The planning board voted to deny Motorsports’ application for the permit, deciding that the proposed project did not meet five of seven Section A criteria under the WCO. Motorsports appealed to the superior court, which granted leave to certain abutters and residents of Tamworth to intervene, including the appealing intervenors before us. The trial court conducted a hearing in June 2008, during which one witness, the president of Motorsports, testified and the parties presented offers of proof and legal argument.

Subsequently, the trial court vacated the planning board’s decision and remanded the matter. It declined to reach certain procedural issues. The intervenors appealed to this court, and Motorsports cross-appealed. The trial court’s review of the planning board’s decision was governed by RSA 677:15, V (Supp. 2009), which provides that the trial court “may reverse or affirm, wholly or partly, or may modify the decision brought up for review when there is an error of law or when the court is persuaded by the balance of probabilities, on the evidence before it, that said decision is unreasonable.” Upton v Town of Hopkinton, 157 NH 115 (2008). In this case, the planning board apparently did not issue a written decision that outlined its reasons for denying Motorsports’ application for a special use permit. But see RSA 676:3, I (Supp. 2009) (local land use board shall issue a final written decision which either approves or disapproves an application for a local permit); Town of Tamworth Planning Board Rules of Administrative Procedure § 5.K (“Notice of decision using Appendix D.2 or D.3 will be made available for public inspection at the Town Office building within 72 hours after the decision is made, as required by RSA 676:3.”). A written decision is not included in the certified record, and the intervenors do not contest Motorsports’ assertion that the planning board did not provide it with one. Rather, the intervenors argue that the November 8 minutes constitute an adequate statement of the planning board’s reasons for disapproving Motorsports’ application for a special use permit in accord with RSA 676:4, I(h). We disagree.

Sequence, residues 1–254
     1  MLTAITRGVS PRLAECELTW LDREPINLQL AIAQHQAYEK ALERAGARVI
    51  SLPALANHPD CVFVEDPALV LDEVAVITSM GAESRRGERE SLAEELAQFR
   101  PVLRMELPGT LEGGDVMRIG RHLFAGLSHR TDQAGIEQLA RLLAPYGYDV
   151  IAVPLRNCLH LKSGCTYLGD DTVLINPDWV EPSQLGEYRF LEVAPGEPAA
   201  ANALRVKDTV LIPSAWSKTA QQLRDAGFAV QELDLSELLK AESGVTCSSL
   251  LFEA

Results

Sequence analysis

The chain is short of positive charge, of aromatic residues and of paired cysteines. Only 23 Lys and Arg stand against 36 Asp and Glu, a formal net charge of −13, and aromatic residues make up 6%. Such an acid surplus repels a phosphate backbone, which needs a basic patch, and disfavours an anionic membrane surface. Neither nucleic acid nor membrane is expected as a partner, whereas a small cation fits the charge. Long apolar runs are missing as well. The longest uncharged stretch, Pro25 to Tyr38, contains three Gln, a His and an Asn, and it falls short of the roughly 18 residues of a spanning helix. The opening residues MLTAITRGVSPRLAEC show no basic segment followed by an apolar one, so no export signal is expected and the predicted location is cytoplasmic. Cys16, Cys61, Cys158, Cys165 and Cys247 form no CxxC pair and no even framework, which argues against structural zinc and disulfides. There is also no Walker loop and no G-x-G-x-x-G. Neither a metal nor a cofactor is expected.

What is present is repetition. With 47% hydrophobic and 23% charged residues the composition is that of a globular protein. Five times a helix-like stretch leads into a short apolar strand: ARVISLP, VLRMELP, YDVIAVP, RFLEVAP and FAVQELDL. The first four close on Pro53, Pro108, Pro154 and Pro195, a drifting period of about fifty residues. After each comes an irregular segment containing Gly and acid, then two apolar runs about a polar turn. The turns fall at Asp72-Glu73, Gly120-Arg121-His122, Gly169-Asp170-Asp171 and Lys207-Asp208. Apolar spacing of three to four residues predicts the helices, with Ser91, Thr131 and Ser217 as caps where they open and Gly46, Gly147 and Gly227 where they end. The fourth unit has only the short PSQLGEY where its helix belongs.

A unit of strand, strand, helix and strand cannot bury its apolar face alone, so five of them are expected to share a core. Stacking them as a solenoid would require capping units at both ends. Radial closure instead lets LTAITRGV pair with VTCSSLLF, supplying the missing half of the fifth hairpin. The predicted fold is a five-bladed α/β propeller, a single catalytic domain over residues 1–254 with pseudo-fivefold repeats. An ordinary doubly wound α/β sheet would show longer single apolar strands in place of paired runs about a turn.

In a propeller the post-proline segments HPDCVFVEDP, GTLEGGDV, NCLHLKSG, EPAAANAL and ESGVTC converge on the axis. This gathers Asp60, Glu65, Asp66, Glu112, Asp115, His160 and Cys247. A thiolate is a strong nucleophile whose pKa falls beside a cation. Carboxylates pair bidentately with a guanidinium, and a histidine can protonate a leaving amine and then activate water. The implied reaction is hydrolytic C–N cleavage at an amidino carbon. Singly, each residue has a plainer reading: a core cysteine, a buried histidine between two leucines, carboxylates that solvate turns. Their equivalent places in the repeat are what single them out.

We underscore the trial court’s observations that “[t]his is a large and complicated project with extensive submissions to the Board, and a long history before the Board and State and Federal permitting agencies.” Further, the WCO is not a zoning ordinance under which the planning board determines whether a proposed project constitutes an appropriate use of land. Rather, it sets forth a regulatory permitting scheme governing the use of and impact upon wetlands. Thus, the planning board’s task is to review the application, and identify any deficiencies it perceives regarding particular wetland impact areas.